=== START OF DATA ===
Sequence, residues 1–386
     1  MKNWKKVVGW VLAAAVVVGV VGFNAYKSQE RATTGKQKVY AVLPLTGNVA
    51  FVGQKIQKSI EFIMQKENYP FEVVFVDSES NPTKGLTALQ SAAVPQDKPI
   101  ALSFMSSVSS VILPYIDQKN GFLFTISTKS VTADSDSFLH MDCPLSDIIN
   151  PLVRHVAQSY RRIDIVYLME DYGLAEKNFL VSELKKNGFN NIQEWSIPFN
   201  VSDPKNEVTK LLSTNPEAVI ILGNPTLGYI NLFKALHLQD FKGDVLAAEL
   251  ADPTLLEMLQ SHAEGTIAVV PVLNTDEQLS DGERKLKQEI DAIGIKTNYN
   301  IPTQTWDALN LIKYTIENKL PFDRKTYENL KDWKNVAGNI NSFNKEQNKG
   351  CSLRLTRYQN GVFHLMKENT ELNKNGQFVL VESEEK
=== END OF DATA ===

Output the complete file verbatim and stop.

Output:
Sequence, residues 1–386
     1  MKNWKKVVGW VLAAAVVVGV VGFNAYKSQE RATTGKQKVY AVLPLTGNVA
    51  FVGQKIQKSI EFIMQKENYP FEVVFVDSES NPTKGLTALQ SAAVPQDKPI
   101  ALSFMSSVSS VILPYIDQKN GFLFTISTKS VTADSDSFLH MDCPLSDIIN
   151  PLVRHVAQSY RRIDIVYLME DYGLAEKNFL VSELKKNGFN NIQEWSIPFN
   201  VSDPKNEVTK LLSTNPEAVI ILGNPTLGYI NLFKALHLQD FKGDVLAAEL
   251  ADPTLLEMLQ SHAEGTIAVV PVLNTDEQLS DGERKLKQEI DAIGIKTNYN
   301  IPTQTWDALN LIKYTIENKL PFDRKTYENL KDWKNVAGNI NSFNKEQNKG
   351  CSLRLTRYQN GVFHLMKENT ELNKNGQFVL VESEEK